The UK’s National Film and Television School (NFTS) has revealed key findings of a major new report, which it will launch today (March 20).
The NFTS Graduate Impact Report has analysed the contribution of the school’s graduates to high-end TV, UK independent film and inward investment over a five-year period, from 2015-2019.
The figures reveal that 97% of the biggest budget inward investment films in the UK have NFTS graduate involvement. These include Fantastic Beasts…director David Yates and the Oscar-winning cinematographer of 1917, Roger Deakins.
The report also reveals the school has a graduate employment rate of 93% and that NFTS alumni shoot 25% of all high-end TV in the UK, despite only graduating eight cinematographers per year.
Additionally, one in four recent graduates are BAME versus 3% in the industry overall, according to the study.
Additional figures reveal more than 50% of the biggest box office successes since 2015 and two-thirds of all Netflix productions have had at least one NFTS graduate in a key role.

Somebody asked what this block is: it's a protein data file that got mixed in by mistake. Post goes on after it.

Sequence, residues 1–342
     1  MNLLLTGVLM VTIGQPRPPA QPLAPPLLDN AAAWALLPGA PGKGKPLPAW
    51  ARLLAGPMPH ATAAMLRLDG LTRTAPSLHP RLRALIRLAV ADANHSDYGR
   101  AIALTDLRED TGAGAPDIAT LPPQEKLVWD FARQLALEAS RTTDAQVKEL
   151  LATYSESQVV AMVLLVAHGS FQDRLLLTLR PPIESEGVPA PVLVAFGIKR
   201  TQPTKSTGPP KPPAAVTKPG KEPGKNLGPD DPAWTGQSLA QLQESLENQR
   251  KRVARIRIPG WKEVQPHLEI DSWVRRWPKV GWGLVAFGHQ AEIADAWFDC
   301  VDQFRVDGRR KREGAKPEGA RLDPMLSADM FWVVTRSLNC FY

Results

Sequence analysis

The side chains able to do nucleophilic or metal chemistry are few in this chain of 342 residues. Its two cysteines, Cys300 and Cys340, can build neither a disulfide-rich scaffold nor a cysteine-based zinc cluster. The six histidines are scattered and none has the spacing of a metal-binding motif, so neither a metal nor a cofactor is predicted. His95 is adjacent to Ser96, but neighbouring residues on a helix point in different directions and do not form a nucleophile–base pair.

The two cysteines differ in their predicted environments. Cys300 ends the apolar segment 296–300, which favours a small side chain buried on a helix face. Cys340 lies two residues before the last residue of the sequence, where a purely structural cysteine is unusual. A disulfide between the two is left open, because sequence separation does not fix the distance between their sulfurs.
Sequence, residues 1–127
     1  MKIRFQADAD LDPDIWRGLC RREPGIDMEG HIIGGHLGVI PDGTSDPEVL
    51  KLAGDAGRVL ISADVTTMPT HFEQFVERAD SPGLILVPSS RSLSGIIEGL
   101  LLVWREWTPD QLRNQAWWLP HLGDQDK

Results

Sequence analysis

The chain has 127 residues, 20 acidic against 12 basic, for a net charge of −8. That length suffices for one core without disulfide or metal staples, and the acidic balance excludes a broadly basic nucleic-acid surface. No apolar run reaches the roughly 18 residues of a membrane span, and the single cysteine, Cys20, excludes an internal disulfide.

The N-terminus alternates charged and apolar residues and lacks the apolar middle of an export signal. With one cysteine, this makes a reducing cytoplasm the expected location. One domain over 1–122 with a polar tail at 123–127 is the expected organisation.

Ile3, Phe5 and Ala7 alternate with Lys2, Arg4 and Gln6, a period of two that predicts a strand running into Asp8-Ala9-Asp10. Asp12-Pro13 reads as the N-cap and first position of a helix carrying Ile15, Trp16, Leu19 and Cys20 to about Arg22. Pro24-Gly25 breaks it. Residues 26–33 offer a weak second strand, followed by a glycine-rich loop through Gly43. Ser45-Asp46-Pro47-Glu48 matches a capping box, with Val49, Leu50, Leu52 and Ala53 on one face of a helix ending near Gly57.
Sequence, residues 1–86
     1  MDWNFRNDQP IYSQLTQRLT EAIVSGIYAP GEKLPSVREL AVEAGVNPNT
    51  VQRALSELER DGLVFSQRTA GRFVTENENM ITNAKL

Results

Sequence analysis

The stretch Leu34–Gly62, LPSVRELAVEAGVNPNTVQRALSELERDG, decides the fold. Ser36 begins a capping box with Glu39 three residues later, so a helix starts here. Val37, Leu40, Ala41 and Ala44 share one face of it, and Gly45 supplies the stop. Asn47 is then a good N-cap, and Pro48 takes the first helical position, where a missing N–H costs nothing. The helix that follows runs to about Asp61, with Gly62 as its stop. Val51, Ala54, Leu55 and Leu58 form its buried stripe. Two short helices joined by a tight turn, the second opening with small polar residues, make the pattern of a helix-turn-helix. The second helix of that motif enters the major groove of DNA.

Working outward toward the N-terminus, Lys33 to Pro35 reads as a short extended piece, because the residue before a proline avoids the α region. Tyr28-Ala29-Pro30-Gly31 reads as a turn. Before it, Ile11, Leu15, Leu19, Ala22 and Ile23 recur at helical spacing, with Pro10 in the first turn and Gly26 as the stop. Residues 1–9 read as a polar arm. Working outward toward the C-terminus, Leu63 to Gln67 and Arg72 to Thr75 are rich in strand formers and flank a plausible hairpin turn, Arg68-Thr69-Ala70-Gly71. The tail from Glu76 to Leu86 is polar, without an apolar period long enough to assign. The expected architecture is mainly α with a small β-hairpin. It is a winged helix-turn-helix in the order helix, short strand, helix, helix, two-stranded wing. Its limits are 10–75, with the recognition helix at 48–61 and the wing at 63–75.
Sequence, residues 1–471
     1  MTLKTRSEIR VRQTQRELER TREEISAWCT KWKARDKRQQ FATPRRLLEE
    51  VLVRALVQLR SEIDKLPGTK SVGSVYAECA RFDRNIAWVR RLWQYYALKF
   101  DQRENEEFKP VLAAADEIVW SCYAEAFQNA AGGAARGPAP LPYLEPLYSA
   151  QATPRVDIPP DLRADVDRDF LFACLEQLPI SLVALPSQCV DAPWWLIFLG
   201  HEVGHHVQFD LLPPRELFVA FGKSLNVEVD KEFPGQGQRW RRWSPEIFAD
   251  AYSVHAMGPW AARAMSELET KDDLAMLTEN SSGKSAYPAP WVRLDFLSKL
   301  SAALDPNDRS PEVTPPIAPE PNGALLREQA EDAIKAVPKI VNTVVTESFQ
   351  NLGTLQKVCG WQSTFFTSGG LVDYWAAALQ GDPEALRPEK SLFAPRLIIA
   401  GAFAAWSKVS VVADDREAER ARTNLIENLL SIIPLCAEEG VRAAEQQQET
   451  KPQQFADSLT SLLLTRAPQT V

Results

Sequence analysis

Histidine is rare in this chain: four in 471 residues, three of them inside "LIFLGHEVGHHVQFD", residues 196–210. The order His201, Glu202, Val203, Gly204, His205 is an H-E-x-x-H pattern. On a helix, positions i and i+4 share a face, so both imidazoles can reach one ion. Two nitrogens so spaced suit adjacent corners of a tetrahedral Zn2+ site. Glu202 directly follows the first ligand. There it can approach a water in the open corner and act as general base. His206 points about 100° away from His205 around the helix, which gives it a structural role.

The report, compiled by OC&C Strategy Consultants, was commissioned ahead of the 50th anniversary of the NFTS in 2021 and was due to be released on March 18 at the House of Lords in Westminster, central London, led by a keynote speech from David Puttnam.
However, this was cancelled in the wake of the coronavirus outbreak and Puttnam’s speech will now be hosted online from today, while hard copies of the report will be mailed to invited guests.
The findings come at a time when there is significant demand for below-the-line talent in the UK, where the tax credit has contributed to a boom in production of big-budget features and series.
In the speech, Puttnam applauded the accomplishments of the NFTS. But he also issued a stark warning regarding training in the UK and said: “We’ve been incredibly complacent about talent development… Unless we take the issue of screen development and talent development seriously, we will actually lose many of the advantages we’ve managed to build up over those years.
“We can’t be complacent. We have an extraordinary success story on our hands and it’s up to us to build it. No more so than a time like this when the economy is seemingly almost in freefall, when we are locked into our houses and which every single family and individual in the country has got to be concerned and worried about the future.
“If we’re to have a future, we need skills. To have skills, we need investment. To have investment we need to be constantly making our case to why we are a really significant component of the UK economy.”
Commenting on the report, NFTS director Jon Wardle said: “The majority of all high-end television has an NFTS graduate in a key role and yet, our grads make up less than 4% of the 100,000 strong UK film and TV production workforce… Moving forward, we will continue our mission which is to produce the people that power production both in the UK and globally.”